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Char v. Kaiser Hospital

United States District Court, D. Hawaii

October 23, 2018

MARK ALAN CHAR, #A0234438, Plaintiff,
v.
KAISER HOSPITAL, DOCTORS JOHN DOES 1-2, JANE DOES 1-2, ACO JOHN DOE, Defendants.

          ORDER DISMISSING COMPLAINT IN PART WITH LEAVE TO AMEND

          JILL A. OTAKE UNITED STATES DISTRICT JUDGE

         Pro se Plaintiff Mark Alan Char is a pretrial detainee incarcerated at the Halawa Correctional Facility.[1] Char alleges that Defendants Kaiser Permanente Moanalua Medical Center (Kaiser Permanente), its employees, Doctors John Does 1-2 and Jane Does 1-2 (collectively, Kaiser Defendants), and a Department of Public Safety correctional officer, ACO John Doe, violated his federal civil rights and state law while he was hospitalized at Kaiser Permanente in September and October 2016.

         Char's Complaint is DISMISSED in part with leave to amend pursuant to 28 U.S.C. §§ 1915(e)(2) and 1915A(a-b).

         I. STATUTORY SCREENING

         Because Char is a prisoner proceeding in forma pauperis who alleges claims against government officers, the court performs a pre-answer screening of his Complaint pursuant to 28 U.S.C. §§ 1915(e)(2) and 1915A(a). Byrd v. Phoenix Police Dep't, 885 F.3d 639, 641 (9th Cir. 2018). Claims that are frivolous, malicious, fail to state a claim for relief, or seek damages from defendants who are immune from suit must be dismissed. See Lopez v. Smith, 203 F.3d 1122, 1126-27 (9th Cir. 2000) (en banc) (discussing § 1915(e)(2)); Rhodes v. Robinson, 621 F.3d 1002, 1004 (9th Cir. 2010) (discussing § 1915A(b)).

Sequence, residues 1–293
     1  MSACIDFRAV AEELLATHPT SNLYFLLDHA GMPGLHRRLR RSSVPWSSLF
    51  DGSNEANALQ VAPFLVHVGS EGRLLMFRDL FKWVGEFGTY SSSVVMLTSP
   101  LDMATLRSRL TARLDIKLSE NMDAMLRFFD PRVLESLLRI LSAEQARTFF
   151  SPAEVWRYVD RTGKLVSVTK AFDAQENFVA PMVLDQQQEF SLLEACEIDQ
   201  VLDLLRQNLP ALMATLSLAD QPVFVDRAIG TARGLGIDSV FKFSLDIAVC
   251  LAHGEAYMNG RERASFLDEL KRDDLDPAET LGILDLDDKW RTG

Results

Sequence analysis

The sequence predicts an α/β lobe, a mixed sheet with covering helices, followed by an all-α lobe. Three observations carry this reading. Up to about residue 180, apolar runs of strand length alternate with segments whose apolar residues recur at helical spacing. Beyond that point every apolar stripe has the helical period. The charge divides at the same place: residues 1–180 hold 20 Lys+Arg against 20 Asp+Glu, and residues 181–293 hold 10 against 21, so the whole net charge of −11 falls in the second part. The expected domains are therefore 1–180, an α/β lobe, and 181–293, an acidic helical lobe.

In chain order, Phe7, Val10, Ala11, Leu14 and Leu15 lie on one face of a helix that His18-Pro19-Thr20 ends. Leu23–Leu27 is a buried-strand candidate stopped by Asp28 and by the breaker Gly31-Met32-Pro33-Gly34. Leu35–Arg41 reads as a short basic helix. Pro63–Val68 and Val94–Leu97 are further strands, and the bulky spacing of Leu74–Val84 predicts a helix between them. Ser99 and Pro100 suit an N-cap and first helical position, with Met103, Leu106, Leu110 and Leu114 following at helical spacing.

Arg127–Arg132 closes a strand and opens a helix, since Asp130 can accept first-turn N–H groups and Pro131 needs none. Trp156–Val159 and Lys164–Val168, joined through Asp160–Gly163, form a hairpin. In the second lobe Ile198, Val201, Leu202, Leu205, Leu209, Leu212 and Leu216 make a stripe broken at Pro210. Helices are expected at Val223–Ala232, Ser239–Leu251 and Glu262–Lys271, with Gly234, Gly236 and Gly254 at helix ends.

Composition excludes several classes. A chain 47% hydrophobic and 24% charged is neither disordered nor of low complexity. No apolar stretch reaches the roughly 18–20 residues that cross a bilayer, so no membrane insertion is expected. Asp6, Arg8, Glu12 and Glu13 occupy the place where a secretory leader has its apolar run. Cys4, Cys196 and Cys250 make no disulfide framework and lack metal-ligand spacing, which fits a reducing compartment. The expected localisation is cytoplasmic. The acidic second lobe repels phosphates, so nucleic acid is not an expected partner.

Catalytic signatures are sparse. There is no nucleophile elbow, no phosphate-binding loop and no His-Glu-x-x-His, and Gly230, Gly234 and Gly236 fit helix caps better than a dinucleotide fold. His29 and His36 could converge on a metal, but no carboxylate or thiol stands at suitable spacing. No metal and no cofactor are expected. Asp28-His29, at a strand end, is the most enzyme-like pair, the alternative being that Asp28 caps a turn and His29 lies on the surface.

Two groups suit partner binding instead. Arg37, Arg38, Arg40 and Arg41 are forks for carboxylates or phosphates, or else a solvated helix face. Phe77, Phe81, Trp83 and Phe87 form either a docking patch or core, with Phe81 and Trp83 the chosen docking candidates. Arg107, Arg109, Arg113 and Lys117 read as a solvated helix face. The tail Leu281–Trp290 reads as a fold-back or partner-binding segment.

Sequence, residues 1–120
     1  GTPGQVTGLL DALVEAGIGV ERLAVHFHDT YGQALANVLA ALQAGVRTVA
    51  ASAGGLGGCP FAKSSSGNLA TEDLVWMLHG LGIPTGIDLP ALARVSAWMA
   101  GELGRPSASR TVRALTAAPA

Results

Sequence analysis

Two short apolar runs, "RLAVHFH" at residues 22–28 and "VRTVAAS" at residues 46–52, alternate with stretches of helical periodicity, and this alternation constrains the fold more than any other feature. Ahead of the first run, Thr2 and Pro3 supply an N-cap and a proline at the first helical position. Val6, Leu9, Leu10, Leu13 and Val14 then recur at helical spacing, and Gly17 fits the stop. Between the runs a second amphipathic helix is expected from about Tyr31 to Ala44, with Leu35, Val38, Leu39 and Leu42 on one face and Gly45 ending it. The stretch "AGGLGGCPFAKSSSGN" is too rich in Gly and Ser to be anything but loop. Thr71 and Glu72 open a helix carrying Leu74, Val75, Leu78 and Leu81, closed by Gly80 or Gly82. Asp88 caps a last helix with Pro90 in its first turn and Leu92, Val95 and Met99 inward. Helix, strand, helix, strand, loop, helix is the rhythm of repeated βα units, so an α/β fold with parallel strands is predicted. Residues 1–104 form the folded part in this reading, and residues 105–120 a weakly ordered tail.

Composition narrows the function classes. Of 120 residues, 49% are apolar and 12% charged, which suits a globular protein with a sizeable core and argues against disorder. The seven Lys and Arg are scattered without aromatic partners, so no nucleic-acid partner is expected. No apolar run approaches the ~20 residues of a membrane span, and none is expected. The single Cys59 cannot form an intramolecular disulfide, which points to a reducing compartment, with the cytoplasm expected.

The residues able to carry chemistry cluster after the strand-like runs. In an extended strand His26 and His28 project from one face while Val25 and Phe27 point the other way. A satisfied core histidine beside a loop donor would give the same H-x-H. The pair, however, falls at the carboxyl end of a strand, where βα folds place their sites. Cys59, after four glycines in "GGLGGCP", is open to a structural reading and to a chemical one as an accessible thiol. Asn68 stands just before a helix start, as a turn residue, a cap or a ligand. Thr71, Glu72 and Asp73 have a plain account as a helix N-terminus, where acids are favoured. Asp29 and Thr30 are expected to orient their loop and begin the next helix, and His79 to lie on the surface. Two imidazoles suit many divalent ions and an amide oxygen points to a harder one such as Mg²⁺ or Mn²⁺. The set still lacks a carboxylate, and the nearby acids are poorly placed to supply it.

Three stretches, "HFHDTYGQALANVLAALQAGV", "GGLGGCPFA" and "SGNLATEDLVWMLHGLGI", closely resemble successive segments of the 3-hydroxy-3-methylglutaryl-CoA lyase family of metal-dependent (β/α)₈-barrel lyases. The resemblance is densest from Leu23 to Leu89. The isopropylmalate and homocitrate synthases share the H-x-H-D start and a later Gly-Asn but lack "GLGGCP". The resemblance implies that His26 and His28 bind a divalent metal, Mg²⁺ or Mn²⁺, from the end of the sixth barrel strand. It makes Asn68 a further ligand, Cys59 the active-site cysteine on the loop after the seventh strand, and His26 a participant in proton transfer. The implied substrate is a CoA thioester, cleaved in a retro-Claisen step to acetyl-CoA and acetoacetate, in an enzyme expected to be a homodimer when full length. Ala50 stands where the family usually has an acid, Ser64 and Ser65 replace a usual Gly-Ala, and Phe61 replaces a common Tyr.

Section 1915 screening involves the same standard of review as that under Federal Rule of Civil Procedure 12(b)(6). See Watison v. Carter, 668 F.3d 1108, 1112 (9th Cir. 2012) (screening under § 1915(e)(2)); Wilhelm v. Rotman, 680 F.3d 1113, 1121 (9th Cir. 2012) (screening under § 1915A(b)). That is, a complaint must “contain sufficient factual matter, accepted as true, to state a claim to relief that is plausible on its face.” Ashcroft v. Iqbal, 556 U.S. 662, 678 (2009) (internal quotation marks omitted); Wilhelm, 680 F.3d at 1121. “Threadbare recitals of the elements of a cause of action, supported by mere conclusory statements, do not suffice.” Iqbal, 556 U.S. at 678.

         Rule 12(b)(6) is read in conjunction with Rule 8(a). Zixiang Li v. Kerry, 710 F.3d 995, 998-99 (9th Cir. 2013). Under Rule 8, a complaint must contain a “short and plain statement of the claim showing that the pleader is entitled to relief.” Fed.R.Civ.P. 8(a)(2). Detailed factual allegations are not required, but a complaint must allege enough facts to provide both “fair notice” of the claim asserted and “the grounds upon which [that claim] rests.” Bell Atl. Corp. v. Twombly, 550 U.S. 544, 555 & n.3 (2007) (citation and quotation marks omitted); see also Iqbal, 556 U.S. at 555 (stating Rule 8 pleading standard “demands more than an unadorned, the-defendant-unlawfully-harmed-me accusation”). The “mere possibility of misconduct” falls short of meeting this standard. Iqbal, 556 U.S. at 555; see also Moss v. U.S. Secret Serv., 572 F.3d 962, 969 (9th Cir. 2009).

         Pro se litigants' pleadings must be liberally construed, and all doubts should be resolved in their favor. Hebbe v. Pliler, 627 F.3d 338, 342 (9th Cir. 2010) (citations omitted). Leave to amend must be granted if it appears the plaintiff can correct the defects in the complaint. Lopez, 203 F.3d at 1130.